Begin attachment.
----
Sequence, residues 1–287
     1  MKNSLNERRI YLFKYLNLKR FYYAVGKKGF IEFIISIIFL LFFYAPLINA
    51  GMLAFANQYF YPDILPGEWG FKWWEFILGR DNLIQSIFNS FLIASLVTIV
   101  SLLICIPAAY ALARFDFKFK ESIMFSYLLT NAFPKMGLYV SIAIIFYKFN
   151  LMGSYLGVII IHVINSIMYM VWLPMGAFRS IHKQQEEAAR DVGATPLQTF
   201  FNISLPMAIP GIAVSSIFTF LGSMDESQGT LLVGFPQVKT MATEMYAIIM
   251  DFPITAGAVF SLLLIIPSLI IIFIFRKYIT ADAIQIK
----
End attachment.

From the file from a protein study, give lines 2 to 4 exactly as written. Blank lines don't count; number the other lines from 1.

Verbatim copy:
     1  MKNSLNERRI YLFKYLNLKR FYYAVGKKGF IEFIISIIFL LFFYAPLINA
    51  GMLAFANQYF YPDILPGEWG FKWWEFILGR DNLIQSIFNS FLIASLVTIV
   101  SLLICIPAAY ALARFDFKFK ESIMFSYLLT NAFPKMGLYV SIAIIFYKFN